Electric smokers can get quite expensive as well, so be sure that you are really interested in smoking meats before you put down your money on one of these units.
You probably recognize Kamado Grills, as they have been made quite popular by the Big Green Egg brand. While they might seem relatively new, they actually use technology that dates back thousands of years! The design is actually based on old clay ovens.
A Kamado Grill uses thick, ceramic walls to keep the heat in. The Kamado grill is built similarly to a traditional BBQ. The food is placed on a grate, and the heat comes from below. The Kamado burns wood chips to produce the smoke, and there is a water tray placed above the chips to add additional moisture and control the smoke levels. The smoke is also managed by vents on the top of the grill.
Kamados often have dual functionality as well, and are able to be used as a traditional home barbecue.
Kamado Grills definitely owe their vast popularity to the Big Green Egg, but there are actually many other brands available.
Pros and Cons:
Unlike the two smokers we mentioned above, Kamado Grills are closer to the “traditional smoking” experience. You have to add wood chips, and the smoke is more difficult to manage. There can be quite a learning curve if you expect to master this grill. From keeping a consistent amount of smoke, to keeping a consistent temperature, to managing it all with the vents on top of the grill. This is quite a complex grill, but the results are more than worth it.
This brings us to the pros. Simply put, these things make fantastic meals when you learn to use them properly. The thick wall keep moisture and heat inside the grill, which results in some delicious, juicy cuts of slow-cooked meat. So long as you take the time to learn how to use the grill properly, you will be rewarded for your efforts.
However, this quality comes at a price. These grills are not cheap. Specifically, the Big Green Egg brand will cost well over $1000 for some models. Be sure that this is something you are interested in learning how to use properly. Think of it as an investment.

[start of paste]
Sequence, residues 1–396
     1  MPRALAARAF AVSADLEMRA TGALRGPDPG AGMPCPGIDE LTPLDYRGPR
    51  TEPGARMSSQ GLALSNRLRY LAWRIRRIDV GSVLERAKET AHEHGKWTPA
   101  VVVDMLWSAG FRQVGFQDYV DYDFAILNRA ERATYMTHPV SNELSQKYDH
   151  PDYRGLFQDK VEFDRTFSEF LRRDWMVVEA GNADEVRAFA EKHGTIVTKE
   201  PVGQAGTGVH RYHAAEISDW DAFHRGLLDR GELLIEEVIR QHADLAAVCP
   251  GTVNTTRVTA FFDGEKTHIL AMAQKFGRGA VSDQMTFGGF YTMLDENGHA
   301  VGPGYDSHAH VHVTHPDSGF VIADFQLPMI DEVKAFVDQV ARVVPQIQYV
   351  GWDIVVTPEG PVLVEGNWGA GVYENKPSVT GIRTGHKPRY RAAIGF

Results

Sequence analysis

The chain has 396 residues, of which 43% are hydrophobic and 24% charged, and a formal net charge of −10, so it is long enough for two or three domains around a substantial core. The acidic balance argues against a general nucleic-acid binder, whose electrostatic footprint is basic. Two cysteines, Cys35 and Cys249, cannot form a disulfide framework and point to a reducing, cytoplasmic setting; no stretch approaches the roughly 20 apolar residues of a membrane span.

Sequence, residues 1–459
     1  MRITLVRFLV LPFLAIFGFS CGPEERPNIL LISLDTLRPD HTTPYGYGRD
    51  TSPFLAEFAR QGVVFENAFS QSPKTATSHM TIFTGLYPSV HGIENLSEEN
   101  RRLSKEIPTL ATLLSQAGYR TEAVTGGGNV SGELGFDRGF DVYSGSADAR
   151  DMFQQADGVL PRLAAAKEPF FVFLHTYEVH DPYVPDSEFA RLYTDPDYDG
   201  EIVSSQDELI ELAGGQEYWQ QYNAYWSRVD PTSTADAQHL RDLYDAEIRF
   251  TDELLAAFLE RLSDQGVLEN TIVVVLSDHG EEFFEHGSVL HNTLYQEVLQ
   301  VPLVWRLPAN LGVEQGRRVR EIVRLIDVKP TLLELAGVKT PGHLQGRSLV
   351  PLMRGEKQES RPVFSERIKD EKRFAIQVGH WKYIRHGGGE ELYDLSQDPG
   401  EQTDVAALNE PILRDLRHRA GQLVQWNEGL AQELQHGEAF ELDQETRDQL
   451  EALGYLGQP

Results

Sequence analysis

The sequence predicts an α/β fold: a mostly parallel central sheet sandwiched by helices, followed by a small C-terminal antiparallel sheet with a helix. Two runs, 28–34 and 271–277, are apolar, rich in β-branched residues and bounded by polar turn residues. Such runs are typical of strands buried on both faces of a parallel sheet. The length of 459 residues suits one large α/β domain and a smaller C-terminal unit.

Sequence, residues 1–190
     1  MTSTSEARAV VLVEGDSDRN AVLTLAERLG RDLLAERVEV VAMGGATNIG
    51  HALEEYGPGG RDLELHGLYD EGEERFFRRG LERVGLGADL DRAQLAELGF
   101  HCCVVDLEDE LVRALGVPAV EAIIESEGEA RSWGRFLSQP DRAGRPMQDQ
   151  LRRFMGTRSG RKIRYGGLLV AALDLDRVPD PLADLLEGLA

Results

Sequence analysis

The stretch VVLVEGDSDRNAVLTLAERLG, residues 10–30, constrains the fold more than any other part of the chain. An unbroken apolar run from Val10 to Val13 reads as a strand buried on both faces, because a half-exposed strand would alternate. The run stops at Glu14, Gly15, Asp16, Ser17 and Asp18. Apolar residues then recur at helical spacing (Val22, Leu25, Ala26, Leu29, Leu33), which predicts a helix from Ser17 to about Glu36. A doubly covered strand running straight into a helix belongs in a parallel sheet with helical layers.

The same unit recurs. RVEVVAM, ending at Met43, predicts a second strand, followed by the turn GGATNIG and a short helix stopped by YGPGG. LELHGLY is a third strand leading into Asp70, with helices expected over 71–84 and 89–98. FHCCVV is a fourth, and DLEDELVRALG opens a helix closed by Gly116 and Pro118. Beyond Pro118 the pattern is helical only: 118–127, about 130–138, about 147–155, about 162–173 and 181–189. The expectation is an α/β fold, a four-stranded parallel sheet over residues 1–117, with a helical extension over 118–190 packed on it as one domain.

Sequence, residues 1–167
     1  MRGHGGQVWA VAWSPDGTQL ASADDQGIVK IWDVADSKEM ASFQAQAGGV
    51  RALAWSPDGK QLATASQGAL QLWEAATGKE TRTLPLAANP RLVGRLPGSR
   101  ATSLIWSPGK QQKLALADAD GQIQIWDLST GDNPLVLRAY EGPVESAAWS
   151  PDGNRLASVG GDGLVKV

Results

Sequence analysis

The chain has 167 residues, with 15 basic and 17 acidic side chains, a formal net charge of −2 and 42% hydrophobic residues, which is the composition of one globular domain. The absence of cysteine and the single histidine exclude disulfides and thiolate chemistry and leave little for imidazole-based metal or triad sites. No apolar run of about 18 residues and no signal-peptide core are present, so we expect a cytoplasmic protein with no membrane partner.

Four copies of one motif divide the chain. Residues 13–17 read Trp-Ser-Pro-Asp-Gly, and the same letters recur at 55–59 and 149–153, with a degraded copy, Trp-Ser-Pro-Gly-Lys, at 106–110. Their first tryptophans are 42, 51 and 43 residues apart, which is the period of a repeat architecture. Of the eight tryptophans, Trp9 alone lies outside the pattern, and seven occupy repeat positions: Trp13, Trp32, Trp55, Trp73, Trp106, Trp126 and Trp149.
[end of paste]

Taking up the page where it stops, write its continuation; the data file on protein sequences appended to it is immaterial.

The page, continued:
We would definitely recommend this smoker to someone looking to learn a more traditional BBQ experience. These grills have the pit master seal of approval. They make excellent, high-quality smoked meats, and it’s all because of their functional, heavy-duty design. Be prepared for a learning curve, but also be prepared for some of the most delicious smoked meats you’ve had in your life.
Here’s a real back-to-basics approach. The drum smoker is about the simplest type of smoker on our list, but you can definitely make some very delicious cuts of meat with one of these. A drum smoker got its name because it utilizes a big steel drum. This means that a lot of home pit masters will make their own!
Basically, it is a very simple design. It utilizes a large steel drum, with a firebox in the bottom, and a cooking grill at the top. There are vents at the bottom near the firebox, and in the lid, which allow you to adjust the smoke manually. Unlike many of the other smokers on our list, this one doesn’t have a water tray. This means that the smoke comes directly from the firebox onto the meat. This makes it a bit more of an intense heat, and also makes it a bit more difficult to manage all of the smoke.